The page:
Yet often a regulatory hurdle blocks them from getting it. Since 2000, federal law has required that in order for a physician to prescribe buprenorphine as an addiction treatment (though, oddly enough, not as a painkiller), the doctor must first obtain certification that he or she has completed an eight-hour training program.
Unfortunately, only about 50,000 physicians in the U.S. have jumped through that hoop—about five percent. (As we have pointed out before, only 52 percent of counties in the US have a single practitioner qualified to prescribe it, and fewer than 40 percent of rural counties have one.)
Wakeman and Barnett argue that it’s past time to lift this outdated restriction. Administering buprenorphine is no more complex a task than administering a great many other medications PCPs regularly prescribe, they contend. In addition, they add, the very existence of the certification requirements tends to intimidate general practitioners into mistakenly assuming that it must be.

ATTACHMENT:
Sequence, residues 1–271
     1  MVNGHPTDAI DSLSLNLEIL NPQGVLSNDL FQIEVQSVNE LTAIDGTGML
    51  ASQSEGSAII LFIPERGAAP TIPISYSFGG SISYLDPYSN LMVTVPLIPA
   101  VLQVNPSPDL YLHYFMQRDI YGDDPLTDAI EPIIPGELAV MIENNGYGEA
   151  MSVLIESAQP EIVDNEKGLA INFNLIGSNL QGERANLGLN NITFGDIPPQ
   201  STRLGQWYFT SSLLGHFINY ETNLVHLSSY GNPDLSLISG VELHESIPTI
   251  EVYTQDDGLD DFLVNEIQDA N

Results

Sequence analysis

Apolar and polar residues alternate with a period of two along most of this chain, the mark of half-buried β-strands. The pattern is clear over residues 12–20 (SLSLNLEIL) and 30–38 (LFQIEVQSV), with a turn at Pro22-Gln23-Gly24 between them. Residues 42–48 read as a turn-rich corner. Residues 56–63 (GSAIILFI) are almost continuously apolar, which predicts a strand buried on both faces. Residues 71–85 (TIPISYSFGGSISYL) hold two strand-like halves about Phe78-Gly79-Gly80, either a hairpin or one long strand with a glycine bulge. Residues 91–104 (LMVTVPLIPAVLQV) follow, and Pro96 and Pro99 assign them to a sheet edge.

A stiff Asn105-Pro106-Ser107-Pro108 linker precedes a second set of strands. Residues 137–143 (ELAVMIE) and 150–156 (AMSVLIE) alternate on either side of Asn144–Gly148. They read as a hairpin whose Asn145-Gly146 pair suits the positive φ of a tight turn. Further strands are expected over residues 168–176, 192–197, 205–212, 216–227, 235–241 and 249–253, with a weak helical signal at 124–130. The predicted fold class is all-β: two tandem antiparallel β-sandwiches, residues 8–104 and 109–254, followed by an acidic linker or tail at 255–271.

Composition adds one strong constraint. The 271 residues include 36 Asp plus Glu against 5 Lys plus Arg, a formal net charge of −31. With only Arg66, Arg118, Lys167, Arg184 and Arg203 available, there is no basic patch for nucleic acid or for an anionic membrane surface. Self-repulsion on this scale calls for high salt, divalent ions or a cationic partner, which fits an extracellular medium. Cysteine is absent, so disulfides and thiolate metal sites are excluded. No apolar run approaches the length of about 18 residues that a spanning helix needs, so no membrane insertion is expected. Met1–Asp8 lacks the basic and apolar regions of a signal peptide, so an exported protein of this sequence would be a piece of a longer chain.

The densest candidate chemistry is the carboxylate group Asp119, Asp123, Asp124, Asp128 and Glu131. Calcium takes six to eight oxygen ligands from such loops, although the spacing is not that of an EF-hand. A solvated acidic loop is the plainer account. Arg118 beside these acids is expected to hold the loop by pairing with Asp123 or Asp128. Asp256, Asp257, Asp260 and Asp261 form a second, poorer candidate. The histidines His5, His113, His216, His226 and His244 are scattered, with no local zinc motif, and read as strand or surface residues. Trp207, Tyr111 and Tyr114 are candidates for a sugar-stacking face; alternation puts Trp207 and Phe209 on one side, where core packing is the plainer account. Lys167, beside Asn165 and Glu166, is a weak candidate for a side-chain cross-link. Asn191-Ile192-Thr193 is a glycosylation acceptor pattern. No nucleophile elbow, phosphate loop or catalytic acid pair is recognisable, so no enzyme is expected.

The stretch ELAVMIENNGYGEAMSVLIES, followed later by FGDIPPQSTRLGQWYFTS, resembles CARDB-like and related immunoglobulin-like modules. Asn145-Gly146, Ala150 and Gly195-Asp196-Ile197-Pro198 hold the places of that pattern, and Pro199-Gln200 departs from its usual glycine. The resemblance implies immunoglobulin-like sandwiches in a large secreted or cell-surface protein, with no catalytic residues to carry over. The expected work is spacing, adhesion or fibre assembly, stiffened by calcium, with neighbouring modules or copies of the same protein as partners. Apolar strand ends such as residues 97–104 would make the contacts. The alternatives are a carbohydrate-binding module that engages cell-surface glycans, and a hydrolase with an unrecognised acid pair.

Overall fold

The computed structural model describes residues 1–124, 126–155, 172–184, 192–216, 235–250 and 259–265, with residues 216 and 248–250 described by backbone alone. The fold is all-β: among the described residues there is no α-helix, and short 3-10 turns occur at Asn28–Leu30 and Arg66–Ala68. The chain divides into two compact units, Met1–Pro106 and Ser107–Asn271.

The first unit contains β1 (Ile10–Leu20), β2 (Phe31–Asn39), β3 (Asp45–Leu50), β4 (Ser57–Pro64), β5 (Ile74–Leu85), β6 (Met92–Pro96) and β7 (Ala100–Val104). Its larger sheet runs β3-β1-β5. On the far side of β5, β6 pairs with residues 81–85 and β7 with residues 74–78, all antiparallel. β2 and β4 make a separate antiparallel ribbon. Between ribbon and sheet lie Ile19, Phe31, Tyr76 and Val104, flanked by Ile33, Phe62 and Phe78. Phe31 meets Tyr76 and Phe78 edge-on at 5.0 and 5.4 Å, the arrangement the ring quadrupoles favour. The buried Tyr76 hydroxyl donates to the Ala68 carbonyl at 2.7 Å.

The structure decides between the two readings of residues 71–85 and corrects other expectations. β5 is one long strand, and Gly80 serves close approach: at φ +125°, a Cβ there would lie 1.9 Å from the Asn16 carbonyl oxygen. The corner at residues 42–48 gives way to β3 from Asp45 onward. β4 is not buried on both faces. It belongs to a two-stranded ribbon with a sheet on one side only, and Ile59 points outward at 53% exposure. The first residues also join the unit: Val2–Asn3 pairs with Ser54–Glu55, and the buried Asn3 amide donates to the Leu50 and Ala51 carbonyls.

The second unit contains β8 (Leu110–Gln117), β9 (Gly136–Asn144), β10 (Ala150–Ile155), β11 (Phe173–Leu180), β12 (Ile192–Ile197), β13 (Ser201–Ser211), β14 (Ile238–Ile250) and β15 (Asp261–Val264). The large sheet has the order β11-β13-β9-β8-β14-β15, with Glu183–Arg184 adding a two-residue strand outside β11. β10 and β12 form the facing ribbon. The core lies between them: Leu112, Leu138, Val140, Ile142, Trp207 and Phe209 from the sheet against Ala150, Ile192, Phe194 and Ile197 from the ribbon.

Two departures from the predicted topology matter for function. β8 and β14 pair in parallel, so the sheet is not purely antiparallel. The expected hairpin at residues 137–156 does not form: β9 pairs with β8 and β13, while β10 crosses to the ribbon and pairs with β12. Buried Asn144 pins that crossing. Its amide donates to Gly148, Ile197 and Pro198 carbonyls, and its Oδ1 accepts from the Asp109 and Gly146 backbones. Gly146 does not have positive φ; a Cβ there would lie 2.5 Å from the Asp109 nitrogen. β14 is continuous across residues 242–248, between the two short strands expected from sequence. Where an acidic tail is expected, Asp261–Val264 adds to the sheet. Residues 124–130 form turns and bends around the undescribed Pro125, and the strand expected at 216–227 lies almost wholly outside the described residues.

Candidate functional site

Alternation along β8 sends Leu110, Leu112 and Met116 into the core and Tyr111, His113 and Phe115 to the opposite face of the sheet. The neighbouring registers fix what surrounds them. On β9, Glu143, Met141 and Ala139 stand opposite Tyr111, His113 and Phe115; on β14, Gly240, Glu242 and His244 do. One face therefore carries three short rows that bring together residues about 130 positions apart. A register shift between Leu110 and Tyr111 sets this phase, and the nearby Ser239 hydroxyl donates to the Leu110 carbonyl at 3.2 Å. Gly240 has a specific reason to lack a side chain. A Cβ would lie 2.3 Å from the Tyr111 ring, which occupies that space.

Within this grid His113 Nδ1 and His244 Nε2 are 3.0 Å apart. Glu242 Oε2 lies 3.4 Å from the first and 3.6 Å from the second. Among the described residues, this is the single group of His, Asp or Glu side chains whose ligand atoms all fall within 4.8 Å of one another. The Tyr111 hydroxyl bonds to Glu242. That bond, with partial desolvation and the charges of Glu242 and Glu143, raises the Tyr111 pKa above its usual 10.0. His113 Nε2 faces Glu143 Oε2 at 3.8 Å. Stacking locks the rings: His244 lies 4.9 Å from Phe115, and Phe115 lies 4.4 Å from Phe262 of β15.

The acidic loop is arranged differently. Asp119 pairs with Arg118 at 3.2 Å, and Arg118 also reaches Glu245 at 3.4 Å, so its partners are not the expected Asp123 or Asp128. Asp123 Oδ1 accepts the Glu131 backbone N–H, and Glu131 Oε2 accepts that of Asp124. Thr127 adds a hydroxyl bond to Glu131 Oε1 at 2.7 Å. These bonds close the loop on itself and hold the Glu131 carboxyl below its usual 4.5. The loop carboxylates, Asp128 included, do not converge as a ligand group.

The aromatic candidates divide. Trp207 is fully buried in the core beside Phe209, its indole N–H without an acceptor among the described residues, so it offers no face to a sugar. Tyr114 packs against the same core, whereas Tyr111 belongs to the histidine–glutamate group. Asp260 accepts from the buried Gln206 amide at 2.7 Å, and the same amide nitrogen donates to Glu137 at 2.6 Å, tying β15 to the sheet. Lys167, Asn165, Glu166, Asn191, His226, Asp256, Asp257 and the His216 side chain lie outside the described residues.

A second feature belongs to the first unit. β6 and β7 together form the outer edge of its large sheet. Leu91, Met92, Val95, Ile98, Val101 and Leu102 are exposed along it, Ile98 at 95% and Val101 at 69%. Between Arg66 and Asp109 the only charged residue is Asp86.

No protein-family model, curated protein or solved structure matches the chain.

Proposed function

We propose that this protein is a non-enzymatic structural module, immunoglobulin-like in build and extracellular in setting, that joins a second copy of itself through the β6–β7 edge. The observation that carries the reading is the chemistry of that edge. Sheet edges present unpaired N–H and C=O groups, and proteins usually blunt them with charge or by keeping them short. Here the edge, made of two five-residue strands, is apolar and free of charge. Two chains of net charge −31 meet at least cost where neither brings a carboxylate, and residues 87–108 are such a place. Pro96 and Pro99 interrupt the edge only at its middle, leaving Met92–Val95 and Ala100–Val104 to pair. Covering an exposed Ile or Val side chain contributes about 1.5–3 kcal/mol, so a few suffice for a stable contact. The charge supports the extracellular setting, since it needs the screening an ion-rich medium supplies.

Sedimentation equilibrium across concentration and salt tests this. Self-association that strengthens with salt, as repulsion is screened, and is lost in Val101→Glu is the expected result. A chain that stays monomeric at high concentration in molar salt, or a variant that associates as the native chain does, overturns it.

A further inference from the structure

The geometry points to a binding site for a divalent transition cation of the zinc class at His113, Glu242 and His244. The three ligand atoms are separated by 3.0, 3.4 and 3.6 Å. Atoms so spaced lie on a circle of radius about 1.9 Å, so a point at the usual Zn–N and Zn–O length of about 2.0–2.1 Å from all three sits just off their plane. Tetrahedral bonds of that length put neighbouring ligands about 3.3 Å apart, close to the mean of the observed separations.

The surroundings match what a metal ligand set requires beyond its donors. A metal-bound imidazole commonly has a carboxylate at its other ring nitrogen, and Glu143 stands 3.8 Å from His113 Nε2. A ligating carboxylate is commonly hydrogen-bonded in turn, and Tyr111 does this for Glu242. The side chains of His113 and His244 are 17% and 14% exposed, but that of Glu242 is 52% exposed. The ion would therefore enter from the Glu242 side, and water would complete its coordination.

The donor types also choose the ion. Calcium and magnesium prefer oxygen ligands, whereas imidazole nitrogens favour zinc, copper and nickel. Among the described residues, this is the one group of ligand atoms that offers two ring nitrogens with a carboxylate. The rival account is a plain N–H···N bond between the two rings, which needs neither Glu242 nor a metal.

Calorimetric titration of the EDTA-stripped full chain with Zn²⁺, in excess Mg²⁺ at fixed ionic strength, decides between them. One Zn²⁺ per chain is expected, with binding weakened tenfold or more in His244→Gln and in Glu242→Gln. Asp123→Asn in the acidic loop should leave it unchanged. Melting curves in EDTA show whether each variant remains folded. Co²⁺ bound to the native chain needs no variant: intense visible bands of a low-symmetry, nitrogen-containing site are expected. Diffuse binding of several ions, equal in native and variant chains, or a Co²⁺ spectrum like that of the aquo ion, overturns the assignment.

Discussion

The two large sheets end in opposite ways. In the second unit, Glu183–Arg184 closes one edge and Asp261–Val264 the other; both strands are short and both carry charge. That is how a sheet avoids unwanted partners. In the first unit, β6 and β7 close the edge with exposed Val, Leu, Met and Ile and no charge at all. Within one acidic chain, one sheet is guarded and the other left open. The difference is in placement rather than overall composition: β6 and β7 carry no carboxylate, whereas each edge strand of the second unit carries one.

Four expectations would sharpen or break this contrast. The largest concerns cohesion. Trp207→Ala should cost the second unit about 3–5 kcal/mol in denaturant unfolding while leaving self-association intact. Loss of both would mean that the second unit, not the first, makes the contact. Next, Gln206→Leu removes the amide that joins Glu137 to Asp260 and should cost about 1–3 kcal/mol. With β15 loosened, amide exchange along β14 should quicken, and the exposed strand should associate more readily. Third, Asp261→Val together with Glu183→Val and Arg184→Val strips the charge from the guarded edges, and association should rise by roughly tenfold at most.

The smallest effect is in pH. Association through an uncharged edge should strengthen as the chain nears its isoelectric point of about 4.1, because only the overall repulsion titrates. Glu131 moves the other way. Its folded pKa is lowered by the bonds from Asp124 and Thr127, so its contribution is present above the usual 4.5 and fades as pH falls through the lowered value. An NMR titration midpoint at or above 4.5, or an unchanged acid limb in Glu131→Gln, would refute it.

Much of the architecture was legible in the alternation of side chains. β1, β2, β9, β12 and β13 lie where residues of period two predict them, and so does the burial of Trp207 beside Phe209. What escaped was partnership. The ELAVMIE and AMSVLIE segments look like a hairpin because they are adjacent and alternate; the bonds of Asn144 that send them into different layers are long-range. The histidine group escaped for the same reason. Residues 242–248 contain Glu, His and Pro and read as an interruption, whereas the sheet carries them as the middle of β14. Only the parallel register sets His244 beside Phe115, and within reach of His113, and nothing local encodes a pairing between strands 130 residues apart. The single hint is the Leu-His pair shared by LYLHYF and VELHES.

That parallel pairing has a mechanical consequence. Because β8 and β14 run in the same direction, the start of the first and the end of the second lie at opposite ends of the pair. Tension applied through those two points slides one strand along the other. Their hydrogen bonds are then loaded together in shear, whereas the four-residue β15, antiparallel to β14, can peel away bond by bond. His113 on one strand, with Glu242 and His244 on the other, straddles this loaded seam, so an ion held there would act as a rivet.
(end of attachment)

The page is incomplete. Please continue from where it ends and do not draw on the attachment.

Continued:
2. Hub-and-spoke treatment
In a second of the trio of New England Journal of Medicine articles, a team from Johns Hopkins University also urges that we “expand the pool of clinicians who treat” opioid addiction. But their focus is different.
“As currently delivered,” they stress, “this treatment is not fully living up to its promise.” (The authors are Brendan Saloner, Ph.D., Kenneth Stoler, MD, and Caleb Alexander, MD, from the Johns Hopkins School of Medicine and the JHU Bloomberg School of Public Health.)
Though the authors urge a variety of reforms—touching on the practices of both insurers and health care systems—one measure would facilitate wider distribution of buprenorphine without requiring an act of Congress.